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Prodrugs

Prodrugs. 3 examples of prodrugs such as SIMVASTATIN, LEVODOPA, CAPECITABINE. Directed Enzyme Prodrug Therapy (DEPT).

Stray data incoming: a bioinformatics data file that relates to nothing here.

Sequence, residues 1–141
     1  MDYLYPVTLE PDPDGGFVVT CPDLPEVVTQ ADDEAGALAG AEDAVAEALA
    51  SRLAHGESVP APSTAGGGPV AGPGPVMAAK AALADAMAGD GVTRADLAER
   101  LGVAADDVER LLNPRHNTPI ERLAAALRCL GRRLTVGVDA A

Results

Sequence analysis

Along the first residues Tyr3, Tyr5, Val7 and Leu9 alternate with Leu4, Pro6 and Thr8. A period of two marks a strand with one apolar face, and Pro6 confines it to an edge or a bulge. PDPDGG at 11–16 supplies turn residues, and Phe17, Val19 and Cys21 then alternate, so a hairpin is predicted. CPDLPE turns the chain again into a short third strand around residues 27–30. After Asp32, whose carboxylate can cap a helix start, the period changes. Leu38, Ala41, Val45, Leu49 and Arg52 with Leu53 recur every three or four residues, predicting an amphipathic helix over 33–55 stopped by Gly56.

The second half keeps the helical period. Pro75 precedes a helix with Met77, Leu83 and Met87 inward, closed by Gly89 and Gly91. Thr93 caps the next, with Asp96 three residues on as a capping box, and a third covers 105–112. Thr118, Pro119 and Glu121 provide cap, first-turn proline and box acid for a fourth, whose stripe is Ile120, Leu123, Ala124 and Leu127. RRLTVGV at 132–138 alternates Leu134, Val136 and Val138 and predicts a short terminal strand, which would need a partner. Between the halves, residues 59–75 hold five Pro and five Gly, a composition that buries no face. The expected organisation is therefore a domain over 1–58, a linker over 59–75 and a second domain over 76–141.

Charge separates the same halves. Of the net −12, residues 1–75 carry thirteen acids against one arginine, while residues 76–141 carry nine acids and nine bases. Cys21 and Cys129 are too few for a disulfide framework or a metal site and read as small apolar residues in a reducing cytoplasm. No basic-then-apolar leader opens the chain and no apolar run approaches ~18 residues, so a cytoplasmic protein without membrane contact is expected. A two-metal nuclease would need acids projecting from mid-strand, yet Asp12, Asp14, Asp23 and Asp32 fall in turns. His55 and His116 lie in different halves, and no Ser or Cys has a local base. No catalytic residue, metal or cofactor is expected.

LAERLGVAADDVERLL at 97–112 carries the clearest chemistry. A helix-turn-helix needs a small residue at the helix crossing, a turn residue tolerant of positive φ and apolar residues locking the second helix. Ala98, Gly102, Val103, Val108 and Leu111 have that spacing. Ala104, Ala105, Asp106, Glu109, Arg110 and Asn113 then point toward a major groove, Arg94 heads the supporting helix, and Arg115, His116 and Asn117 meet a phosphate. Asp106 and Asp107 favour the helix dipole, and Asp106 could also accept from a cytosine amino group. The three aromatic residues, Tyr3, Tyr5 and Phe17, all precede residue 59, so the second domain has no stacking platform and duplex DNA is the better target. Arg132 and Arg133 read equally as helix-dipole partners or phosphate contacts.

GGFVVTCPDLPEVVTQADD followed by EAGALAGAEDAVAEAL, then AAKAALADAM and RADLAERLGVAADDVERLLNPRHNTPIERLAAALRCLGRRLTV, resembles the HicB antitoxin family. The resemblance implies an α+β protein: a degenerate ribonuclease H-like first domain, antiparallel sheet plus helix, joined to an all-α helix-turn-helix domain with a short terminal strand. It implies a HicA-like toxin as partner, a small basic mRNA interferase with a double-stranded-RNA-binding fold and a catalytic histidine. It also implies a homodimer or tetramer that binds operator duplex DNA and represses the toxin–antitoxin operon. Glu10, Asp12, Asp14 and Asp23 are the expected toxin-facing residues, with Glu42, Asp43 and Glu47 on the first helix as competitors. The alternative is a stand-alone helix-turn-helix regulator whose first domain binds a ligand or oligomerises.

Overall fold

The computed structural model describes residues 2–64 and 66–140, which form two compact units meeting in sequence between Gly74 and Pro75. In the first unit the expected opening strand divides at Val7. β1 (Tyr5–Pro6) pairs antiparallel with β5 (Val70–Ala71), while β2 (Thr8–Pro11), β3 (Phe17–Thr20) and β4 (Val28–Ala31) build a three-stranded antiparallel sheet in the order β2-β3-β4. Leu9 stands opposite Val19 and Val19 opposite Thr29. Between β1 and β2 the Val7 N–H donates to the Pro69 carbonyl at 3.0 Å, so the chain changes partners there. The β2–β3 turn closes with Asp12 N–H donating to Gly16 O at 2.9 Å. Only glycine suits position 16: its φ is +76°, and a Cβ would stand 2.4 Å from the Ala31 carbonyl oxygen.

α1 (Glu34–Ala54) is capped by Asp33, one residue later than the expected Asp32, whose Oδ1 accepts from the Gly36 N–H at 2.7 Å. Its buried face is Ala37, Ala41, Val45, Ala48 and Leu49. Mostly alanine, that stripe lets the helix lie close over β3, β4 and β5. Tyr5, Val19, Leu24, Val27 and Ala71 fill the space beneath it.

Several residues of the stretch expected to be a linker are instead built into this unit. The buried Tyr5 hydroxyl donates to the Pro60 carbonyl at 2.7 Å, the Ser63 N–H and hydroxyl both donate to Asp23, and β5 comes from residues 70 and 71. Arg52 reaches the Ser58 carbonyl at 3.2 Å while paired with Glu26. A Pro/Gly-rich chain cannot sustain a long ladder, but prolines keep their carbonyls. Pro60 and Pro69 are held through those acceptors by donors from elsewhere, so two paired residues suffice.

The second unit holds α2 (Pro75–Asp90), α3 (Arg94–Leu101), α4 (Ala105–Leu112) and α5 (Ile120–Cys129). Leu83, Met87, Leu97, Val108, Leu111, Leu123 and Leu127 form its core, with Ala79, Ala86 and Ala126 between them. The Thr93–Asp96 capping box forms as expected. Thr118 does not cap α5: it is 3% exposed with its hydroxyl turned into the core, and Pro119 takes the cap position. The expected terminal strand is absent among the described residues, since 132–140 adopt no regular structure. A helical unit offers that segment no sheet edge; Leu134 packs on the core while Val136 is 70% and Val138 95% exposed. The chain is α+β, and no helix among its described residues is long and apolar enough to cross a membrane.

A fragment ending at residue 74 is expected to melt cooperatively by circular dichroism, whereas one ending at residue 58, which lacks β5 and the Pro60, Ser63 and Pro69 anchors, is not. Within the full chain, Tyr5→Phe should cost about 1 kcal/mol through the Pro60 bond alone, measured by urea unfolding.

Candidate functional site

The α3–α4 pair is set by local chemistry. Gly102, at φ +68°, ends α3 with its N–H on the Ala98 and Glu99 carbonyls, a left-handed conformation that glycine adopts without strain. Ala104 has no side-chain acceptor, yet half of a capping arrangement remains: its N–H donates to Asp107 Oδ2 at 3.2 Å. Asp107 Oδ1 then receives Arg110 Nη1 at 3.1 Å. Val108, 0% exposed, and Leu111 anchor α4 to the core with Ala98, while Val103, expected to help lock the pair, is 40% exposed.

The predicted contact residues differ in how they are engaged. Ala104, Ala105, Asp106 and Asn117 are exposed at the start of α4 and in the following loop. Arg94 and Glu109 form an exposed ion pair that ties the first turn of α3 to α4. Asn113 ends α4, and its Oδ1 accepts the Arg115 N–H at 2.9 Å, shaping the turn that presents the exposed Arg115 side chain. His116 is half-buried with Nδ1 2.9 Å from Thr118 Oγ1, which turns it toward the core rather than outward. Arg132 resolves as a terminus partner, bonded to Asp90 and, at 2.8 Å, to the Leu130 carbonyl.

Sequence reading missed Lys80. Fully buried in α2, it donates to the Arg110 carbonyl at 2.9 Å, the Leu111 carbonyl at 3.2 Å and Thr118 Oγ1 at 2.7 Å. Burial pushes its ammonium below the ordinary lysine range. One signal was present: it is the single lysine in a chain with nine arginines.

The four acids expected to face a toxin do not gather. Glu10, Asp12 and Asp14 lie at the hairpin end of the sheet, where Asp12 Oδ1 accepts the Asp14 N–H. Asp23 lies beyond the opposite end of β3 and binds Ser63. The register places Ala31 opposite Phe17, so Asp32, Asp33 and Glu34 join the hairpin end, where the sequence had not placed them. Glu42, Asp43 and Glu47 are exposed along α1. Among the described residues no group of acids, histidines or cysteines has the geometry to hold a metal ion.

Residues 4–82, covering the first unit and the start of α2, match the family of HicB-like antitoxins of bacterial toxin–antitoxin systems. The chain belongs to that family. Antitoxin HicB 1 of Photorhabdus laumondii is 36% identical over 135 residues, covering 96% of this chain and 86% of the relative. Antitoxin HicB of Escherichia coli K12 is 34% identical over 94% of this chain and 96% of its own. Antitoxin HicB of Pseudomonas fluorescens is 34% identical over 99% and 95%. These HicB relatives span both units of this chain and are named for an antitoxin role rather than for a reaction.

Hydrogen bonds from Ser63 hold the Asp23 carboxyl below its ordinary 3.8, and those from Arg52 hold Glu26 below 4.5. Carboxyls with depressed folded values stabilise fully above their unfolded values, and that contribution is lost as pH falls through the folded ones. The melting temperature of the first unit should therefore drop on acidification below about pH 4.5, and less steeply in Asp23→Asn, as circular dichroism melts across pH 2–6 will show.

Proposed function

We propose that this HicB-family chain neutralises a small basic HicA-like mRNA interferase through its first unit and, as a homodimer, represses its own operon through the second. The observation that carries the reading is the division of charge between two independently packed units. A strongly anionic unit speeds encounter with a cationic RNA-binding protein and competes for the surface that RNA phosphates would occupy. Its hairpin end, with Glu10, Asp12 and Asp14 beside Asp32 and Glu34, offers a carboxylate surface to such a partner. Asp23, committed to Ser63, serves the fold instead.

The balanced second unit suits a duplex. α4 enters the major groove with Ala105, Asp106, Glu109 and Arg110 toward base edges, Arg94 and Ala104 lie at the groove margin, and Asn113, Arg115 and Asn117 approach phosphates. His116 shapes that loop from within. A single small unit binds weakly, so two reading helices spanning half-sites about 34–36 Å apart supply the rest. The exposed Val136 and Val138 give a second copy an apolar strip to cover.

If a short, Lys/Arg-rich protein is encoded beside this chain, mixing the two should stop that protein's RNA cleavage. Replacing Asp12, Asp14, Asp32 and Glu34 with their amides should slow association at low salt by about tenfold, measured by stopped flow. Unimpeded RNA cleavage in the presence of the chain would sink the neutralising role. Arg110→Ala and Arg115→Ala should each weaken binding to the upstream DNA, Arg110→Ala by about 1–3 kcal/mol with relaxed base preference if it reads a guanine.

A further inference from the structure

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Prodrugs

  1. 1. Prodrugs Aman Kumar Naik Integrated M.Sc.9/11/2015 :: National Institute of Science Education and Research ::